Ana Veciana-Suarez

"The Chin Kiss King"

(Reviewed by Karma Sawka MAR 15, 2002)

The Chin Kiss King Ana Veciana-Suarez
"The tea was not sweet enough. Cuca added another heaping teaspoon of brown sugar. Soon they would need more from Pancho at the mill. She inhaled the pungent aroma and sipped. Ay, que rico! A great-grandson! How proud her husband would have been. Though he had adored Adela, spoiled her past reason and relatives' complaints, Cuca knew he had secretly longed for a boy, someone to carry on the family name. She had tried. Dios mio, she had tried. She had made love until her insides felt like a scoured pot. She had tried to carry every single one of her pregnancies to full term, not bending too much, not lifting, not looking
sideways at people she hated (just in case). And when they had been born, how she had cared for those babies! Her mother-in-law, a wise woman from the mountains who signed her name with an X and counted on her fingers, once observed, "M'ija, you are afflicted with a chronic case of hope." The old woman spoke truth. The world, Cuca thought, was made miserable and ornery by its lack. And in the end, after all, she had been proven right. She was finally able to keep one, one of eight pregnancies. A singular but powerful one, Adela."

At the heart of The Chin Kiss King is the story of three generations of Cuban women in Miami whose family tree is sprouting a new branch. Cuca is the matriarch of the family, an elderly and wise woman who communicates with the spirits of her dead relatives, analyzes her dreams and inventories her natural medicine cupboard kept full of herbs and powders for every imaginable ailment. Adela, Cuca's only surviving child, is full of life, sexual energy and laughter that rings like an orchestra. She plays the lotto with a religious regularity and wears high heels every day of the week. Adela's daughter, Maribel, is an obsessively clean and orderly marketing research assistant who is heavily pregnant with her first child.

Maribel gives birth to her son prematurely and, while Victor Eduardo is born with genetic irregularities and is prone to one illness after another, his fragile life brings the three distinctly different women much closer together. Although I cannot imagine recommending this novel to any of my pregnant girlfriends, it is an endearing story of hope, despair, and the lessons that the three women learn from and with each other. Many of those lessons have to do with the men who have, in one way or another, left them.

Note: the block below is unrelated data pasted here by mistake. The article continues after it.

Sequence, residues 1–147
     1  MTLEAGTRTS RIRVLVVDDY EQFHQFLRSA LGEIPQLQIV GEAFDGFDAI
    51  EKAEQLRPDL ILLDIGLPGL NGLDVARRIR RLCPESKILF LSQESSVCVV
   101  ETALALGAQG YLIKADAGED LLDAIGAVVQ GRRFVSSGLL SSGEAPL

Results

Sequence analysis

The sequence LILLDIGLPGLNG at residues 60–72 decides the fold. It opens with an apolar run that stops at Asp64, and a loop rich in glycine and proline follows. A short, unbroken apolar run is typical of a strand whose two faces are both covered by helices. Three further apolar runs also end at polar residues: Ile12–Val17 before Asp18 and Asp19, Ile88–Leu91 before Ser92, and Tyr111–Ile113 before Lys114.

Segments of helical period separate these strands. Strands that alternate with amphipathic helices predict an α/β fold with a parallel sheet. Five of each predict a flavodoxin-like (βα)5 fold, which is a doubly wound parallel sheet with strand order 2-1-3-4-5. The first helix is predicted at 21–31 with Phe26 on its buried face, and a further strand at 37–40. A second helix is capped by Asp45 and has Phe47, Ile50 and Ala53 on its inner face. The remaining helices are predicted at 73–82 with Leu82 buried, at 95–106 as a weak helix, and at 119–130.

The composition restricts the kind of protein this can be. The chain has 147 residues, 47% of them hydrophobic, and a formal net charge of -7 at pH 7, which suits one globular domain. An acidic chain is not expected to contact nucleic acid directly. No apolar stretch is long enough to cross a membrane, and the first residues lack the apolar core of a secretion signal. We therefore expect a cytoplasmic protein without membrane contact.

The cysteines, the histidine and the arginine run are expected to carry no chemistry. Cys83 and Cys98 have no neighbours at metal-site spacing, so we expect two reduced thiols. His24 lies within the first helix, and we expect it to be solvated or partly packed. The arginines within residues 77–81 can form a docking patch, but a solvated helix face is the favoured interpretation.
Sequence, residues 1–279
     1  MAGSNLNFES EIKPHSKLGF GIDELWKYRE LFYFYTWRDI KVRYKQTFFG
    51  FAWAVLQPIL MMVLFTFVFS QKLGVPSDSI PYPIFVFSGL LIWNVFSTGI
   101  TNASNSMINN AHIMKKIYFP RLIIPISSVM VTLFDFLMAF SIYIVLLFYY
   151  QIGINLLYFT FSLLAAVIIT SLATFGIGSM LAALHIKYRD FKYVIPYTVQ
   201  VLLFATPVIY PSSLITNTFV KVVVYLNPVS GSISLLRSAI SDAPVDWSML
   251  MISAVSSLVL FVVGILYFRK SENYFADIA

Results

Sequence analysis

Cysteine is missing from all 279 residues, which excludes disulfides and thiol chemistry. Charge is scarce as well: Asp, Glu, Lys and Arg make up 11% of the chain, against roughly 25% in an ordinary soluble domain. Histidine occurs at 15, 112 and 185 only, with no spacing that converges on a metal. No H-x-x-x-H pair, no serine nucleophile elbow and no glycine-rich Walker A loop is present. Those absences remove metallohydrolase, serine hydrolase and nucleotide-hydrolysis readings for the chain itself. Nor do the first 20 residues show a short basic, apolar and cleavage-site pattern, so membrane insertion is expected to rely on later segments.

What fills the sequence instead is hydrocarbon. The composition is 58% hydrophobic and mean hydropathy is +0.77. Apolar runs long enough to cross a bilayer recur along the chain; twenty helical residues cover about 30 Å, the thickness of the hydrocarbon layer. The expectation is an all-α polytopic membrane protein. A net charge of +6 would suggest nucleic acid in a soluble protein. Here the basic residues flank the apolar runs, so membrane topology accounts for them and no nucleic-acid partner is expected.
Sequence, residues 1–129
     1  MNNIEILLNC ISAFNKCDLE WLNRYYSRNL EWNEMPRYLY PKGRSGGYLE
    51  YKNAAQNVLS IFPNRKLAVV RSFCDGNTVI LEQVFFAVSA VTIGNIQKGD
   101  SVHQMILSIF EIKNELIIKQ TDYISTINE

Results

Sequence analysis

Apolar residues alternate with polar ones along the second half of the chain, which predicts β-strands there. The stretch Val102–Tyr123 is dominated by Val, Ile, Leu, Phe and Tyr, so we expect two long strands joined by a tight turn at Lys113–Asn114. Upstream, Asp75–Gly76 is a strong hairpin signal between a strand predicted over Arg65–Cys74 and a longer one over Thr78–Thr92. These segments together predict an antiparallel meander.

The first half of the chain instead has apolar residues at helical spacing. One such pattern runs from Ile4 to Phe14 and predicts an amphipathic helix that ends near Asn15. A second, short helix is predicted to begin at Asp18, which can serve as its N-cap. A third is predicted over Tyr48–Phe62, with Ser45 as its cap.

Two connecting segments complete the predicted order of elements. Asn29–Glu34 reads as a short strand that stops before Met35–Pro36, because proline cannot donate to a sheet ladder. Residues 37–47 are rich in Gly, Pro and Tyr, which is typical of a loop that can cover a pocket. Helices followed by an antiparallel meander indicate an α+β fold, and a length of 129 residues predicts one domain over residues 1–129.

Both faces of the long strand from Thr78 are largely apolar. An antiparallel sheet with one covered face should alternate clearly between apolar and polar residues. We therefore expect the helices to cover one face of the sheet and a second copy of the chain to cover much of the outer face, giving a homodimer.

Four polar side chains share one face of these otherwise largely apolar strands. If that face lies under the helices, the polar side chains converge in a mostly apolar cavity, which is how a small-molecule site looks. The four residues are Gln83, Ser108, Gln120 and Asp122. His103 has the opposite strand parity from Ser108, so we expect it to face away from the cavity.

"Cuca occasionally lamented the fact that Maribel was alone. She hinted that Maribel's ways, her maniacal sense of order, her oppressive loyalty to routine, had driven Eduardo away. Not so. Slowly Adela was beginning to understand that women were not the ones who drove men away, as if men were oxen to be led by rings in their noses or stallions that startled easily when surprised. No, no, no. Men chose to go away. As she pulled the first of the withered red blooms, it struck her how the three generations of women in her family were variations on a theme: her mother widowed, she divorced, her daughter abandoned. They had not pushed their men away. They had not tossed them out, or ignored them, or turned their backs on them. Yet here they were: alone. Neither by choice nor intent, mind you, but alone all the same."

The story spans the five short months of Victor Eduardo's life with a touch of magical realism and the bittersweetness of images of the past. The Chin Kiss game itself is one of the few tender memories Maribel has of her father; the little girl and her father would systematically "kiss" one another by touching their toes together, their knees, their fingers, their elbows, and so on, ending with a chin kiss. When Victor was born, Maribel began her own son's life with the very same tradition, and it was during this game that the usually inactive baby showed the most response. Readers will guess at Victor's fate, but the sweetness his life brought to his mother and her family is the point of this story.

  • Amazon readers rating: from 10 reviews


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About the Author:

Ana Veciana-SuarezAna Veciana-Suarez is an award winning syndicated columnist for The Miami Herald. In her columns she explores the human experience, touching on family and personal issues as well as events that are shaping our country. Her Cuban heritage infuses her writing with experience, vibrancy and color. The Chin Kiss King has been translated into Spanish, Dutch, and German, and was nominated for the prestigious International IMPAC Dublin Literary Award. She lives in Miami, Florida with husband David Freundlich and her five children.

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